Can Boy Smells and Kin Euphorics Illuminate Your Neural Pathways?

The science behind “brain-triggered scent technology” remains murky, but the lifestyle brands’ first collaboration can still shroud your living space in not-unwelcome aromatic auras and vaguely New Age-y washes of color.

The Emotional Illuminations Collection by Kin Euphorics and Boy Smells

Since Matthew Herman and David Kien founded Boy Smells in 2015, the brand has plumbed the depths of their neologistic term “genderful.” What products can a beauty and lifestyle brand—especially one called Boy Smells with a soft pink label—create to help open yourself up to the multiplicities of gender within? Previous answers include pouch-front trunks, bralettes, hand lotion that makes your hands smell like blunts, smoked resin room spray, and a black pepper magnum candle designed by Grace Jones. 

Boy Smells’ latest venture is Emotional Illuminations, a partnership with Bella Hadid’s “functional beverage” company Kin Euphorics, comprising a limited-edition trio of candles and canned drinks. Designed, in their words, “to illuminate neural pathways to enhance different moods,” each set is color-coordinated in soft, vaguely New Age-y washes of colors and intended for use in specific moments of the day. When the cardboard octagons and cubes of products arrived at my apartment, I decided to take them up on the offer of “harnessing the power of mood-tuning energy.”

The Emotional Illuminations Collection by Kin Euphorics and Boy Smells

First up: “Restart.” In the morning, I popped the tab of the eight-ounce can of “Kin Spritz,” a sparkling mix of Rhodiola Rosa, 5-HTP, GABA, ginger, and orange bitters, with a dash of caffeine. I lit the candle and its creamy tangerine exterior began to glow. I did some morning yoga, turned on Ciel’s new compilation on Eris Drew’s Ecstatic Editions label, and chased the cats around. Deep breaths brought in the scent, which began with mint and finished a little shrubby and sharp; sipping and sniffing did indeed burn through the morning fog. I certainly had fewer morning jitters than usual, though whether that was a result of swapping a French press of coffee for citrus and candlelight or the GABA of it all is still unclear.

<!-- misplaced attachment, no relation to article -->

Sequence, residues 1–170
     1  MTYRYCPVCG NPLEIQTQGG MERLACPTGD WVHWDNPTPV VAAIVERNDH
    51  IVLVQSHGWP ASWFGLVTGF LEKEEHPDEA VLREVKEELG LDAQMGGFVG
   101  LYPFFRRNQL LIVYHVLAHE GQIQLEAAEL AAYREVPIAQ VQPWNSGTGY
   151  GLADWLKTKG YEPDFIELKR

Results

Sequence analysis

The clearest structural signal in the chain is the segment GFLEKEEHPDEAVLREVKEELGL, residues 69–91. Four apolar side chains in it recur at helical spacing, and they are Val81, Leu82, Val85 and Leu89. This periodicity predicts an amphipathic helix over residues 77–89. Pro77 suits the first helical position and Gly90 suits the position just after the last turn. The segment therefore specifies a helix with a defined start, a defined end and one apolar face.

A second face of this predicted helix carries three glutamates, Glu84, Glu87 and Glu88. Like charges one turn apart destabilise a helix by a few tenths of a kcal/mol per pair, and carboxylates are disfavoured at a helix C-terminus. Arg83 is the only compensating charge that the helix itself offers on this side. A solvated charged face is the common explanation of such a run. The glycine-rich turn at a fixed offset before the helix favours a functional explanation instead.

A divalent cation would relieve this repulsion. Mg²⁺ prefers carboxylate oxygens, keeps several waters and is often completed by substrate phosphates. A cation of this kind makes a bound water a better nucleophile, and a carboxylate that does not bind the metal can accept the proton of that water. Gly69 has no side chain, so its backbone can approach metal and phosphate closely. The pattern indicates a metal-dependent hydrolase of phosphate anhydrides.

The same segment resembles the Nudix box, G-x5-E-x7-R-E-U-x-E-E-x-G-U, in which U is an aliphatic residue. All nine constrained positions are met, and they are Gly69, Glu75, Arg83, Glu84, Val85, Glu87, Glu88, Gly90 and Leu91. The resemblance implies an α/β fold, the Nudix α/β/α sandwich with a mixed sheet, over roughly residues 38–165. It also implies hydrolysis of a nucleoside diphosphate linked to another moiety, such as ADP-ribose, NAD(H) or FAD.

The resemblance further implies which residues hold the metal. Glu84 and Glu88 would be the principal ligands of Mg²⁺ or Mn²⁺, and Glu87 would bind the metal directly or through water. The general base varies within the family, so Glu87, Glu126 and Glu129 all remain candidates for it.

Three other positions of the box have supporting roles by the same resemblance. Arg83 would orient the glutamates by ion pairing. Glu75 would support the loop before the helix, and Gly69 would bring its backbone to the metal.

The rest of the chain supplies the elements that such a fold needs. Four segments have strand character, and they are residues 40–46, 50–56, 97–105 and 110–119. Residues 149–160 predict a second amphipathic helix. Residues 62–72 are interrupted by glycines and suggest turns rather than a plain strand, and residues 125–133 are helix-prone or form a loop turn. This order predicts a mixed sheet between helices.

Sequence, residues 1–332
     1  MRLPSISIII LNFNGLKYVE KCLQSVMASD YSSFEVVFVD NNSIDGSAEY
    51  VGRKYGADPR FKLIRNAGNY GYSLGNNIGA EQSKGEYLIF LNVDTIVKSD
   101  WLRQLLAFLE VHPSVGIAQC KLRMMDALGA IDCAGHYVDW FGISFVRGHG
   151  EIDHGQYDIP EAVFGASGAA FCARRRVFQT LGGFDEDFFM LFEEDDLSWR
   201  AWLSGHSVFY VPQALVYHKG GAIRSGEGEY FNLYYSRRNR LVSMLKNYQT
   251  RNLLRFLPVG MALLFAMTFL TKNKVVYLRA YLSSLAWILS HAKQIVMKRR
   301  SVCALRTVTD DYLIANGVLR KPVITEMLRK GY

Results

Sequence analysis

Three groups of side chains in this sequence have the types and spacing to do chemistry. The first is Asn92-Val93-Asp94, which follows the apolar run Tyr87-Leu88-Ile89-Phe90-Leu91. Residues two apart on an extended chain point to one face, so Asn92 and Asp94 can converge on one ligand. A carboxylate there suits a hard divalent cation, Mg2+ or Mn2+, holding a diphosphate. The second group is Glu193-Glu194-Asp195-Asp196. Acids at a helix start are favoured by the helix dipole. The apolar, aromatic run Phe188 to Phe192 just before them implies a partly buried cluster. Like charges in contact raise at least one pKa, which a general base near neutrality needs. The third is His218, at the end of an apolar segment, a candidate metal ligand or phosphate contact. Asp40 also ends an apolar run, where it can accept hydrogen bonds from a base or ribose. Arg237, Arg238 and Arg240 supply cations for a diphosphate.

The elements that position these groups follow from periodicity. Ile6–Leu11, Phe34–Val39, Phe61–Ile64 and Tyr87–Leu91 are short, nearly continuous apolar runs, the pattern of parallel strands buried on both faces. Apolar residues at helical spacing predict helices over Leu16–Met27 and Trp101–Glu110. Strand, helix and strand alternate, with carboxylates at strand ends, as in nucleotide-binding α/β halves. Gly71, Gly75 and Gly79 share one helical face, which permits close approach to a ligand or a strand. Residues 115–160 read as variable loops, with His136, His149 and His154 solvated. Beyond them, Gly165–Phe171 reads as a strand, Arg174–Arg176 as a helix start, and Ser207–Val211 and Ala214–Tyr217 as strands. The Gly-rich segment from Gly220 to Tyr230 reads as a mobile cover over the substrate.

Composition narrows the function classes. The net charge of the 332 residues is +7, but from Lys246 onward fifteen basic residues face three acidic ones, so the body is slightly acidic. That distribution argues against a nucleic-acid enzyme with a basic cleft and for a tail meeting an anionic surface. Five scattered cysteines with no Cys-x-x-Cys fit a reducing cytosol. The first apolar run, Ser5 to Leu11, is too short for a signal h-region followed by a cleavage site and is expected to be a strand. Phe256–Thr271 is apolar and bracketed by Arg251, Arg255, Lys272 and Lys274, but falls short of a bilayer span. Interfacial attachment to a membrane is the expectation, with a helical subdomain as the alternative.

As I worked, I let the candle burn for a few hours, shrouding my apartment in a not-unwelcome cedar aura. I brewed more coffee—Emotional Illuminations is not designed to treat addictions. Later, I met some friends for a few beers, the original functional drink. One came home and we lit the second candle, “Turn On,” and slipped open a few cans of “Kin Bloom.” We talked about whether we identify as Candle People amid wafts of vetiver. The drink was surprisingly strawberry-forward to a potion intended to encourage, as the can says, joyful intimacy. We examined the ingredients, noting that his veterinarian had recently prescribed his dog one of them—the amino acid L-Theanine—for her anxiety to no avail. The promised scent of carrot seed never quite arrived from the rather attractive candle, but the joyful intimacy did.

The Emotional Illuminations Collection by Kin Euphorics and Boy Smells

Later, we snuffed the “Turn On” and lit up “Drop Out.” In sleepy tones of peaches and purples, the column blanketed the bedroom with lavender and enough sage to be noticeable without calling to mind the cleansing of bad energy. Oddly, the drink tasted like root beer due to its birch bark extract. Its combination of meishi mushroom and Thanksgiving-villain Tryptophan produced a few yawns.

I awoke with another headache. Was that due to the illumination of my neural pathways or the behavior these candles and mocktails suggested? Had I found an excuse for such feelings or an enabling of them? The science around most of the extracts and essences of “Emotional Illuminations” is as murky as my head this morning, but it’s tough to feel like any of this is hurting anyone. I lit “Restart” again but went right for the coffee this time.

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